How, then, stands the case? We have to educate a people who cannot at present be educated by means of their mother-tongue. We much teach them some foreign language. The claims of our own language it is hardly necessary to recapitulate. It stands preeminent even among the languages of the West. . . . Whoever knows that language, has ready access to all the vast intellectual wealth, which all the wisest nations of the earth have created and hoarded in the course of ninety generations. It may safely be said that the literature now extant in that language is of far greater value than all the literature which three hundred years ago was extant in all the languages of the world spoken together. Nor is this all. In India, English is the language spoken by the ruling class. It is spoken by the higher class of natives at the seats of Government. It is likely to become the language of commerce throughout the seas of the East. It is the language of two great European communities which are rising, the one in the south of Africa, the other in Australasia; communities which are every year becoming more important, and more closely connected with our Indian empire. Whether we look at the intrinsic value of our literature or at the particular situation of this country, we shall see the strongest reason to think that, of all foreign tongues, the English tongue is that which would be the most useful to our native subjects. . . .

. . . It is said that the Sanscrit and Arabic are the language in which the sacred books of a hundred millions of people are written, and that they are, on that account, entitled to peculiar encouragement. Assuredly it is the duty of the British Government in India to be not only tolerant, but neutral on the religious question. But to encourage the study of a literature admitted to be of small intrinsic value only because that literature inculcates the most serious errors on the most important subjects, is a course hardly reconcilable with reason, with morality, or even with that very neutrality which ought, as we all agree, to be sacredly preserved. It is confessed that a language is barren of useful knowledge. We are told to teach it because it is fruitful of monstrous superstitions. We are to teach false history, false astronomy, false medicine, because we find them in company with a false religion. . . .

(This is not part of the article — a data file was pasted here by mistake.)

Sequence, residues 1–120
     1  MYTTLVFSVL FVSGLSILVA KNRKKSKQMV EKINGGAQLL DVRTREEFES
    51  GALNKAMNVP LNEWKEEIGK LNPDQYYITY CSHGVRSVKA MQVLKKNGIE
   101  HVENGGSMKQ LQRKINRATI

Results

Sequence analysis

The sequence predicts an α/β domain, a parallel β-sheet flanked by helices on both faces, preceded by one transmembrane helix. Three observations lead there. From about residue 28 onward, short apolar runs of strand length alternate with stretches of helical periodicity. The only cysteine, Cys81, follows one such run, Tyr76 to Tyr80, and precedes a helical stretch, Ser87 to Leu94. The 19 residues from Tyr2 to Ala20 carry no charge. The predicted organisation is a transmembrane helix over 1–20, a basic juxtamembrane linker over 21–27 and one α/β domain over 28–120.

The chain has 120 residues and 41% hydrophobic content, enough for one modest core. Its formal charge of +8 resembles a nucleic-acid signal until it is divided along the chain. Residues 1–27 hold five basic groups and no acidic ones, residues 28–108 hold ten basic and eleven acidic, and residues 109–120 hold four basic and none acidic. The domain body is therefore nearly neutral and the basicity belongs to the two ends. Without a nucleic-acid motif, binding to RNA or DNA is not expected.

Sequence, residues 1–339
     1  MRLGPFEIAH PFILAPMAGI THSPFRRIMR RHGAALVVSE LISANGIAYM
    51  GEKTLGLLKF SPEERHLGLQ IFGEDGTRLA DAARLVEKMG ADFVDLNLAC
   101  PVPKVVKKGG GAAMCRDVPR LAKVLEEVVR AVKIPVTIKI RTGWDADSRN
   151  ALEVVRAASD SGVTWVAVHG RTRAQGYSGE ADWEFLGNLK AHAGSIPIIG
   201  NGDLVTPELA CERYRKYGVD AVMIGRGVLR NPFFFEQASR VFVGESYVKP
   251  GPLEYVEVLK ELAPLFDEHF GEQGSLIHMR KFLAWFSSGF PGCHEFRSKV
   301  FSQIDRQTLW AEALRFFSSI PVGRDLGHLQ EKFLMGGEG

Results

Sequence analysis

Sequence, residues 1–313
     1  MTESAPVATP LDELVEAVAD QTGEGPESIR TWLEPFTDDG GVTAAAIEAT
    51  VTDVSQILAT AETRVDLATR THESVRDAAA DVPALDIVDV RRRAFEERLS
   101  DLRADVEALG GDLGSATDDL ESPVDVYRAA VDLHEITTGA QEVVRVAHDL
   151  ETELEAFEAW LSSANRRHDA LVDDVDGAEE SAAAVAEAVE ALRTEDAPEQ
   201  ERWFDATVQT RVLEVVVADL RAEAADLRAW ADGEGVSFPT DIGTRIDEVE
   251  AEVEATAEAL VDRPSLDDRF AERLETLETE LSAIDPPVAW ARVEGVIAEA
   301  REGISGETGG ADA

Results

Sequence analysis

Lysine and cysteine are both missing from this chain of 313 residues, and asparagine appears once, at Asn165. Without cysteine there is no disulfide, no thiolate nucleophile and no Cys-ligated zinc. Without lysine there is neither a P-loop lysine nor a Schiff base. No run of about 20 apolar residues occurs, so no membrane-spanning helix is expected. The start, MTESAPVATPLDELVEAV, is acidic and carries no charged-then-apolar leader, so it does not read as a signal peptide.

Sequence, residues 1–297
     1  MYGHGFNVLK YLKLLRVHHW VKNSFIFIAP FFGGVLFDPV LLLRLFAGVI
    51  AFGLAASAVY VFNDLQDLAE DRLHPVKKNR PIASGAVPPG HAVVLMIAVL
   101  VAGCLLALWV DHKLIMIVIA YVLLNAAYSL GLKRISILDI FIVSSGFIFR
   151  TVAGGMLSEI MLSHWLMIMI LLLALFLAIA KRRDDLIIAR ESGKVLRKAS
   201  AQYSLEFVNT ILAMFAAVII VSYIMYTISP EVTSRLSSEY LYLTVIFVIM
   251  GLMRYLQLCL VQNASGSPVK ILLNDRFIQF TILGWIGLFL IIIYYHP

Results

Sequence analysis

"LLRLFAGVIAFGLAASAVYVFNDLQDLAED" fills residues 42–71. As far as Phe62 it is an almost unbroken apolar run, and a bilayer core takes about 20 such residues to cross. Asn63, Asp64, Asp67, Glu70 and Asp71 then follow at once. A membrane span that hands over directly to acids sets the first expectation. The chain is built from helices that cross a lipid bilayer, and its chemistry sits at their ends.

. . .In one point I fully agree with the gentlemen to whose general views I am opposed. I feel, with them, that it is impossible for us, with our limited means, to attempt to educate the body of the people. We must at present do our best to form a class who may be interpreters between us and the millions whom we govern; a class of persons, Indian in blood and colour, but English in taste, in opinions, in morals, and in intellect. To that class we may leave it to refine the vernacular dialects of the country, to enrich those dialects with terms of science borrowed from the Western nomenclature, and to render them by degrees fit vehicles for conveying knowledge to the great mass of the population.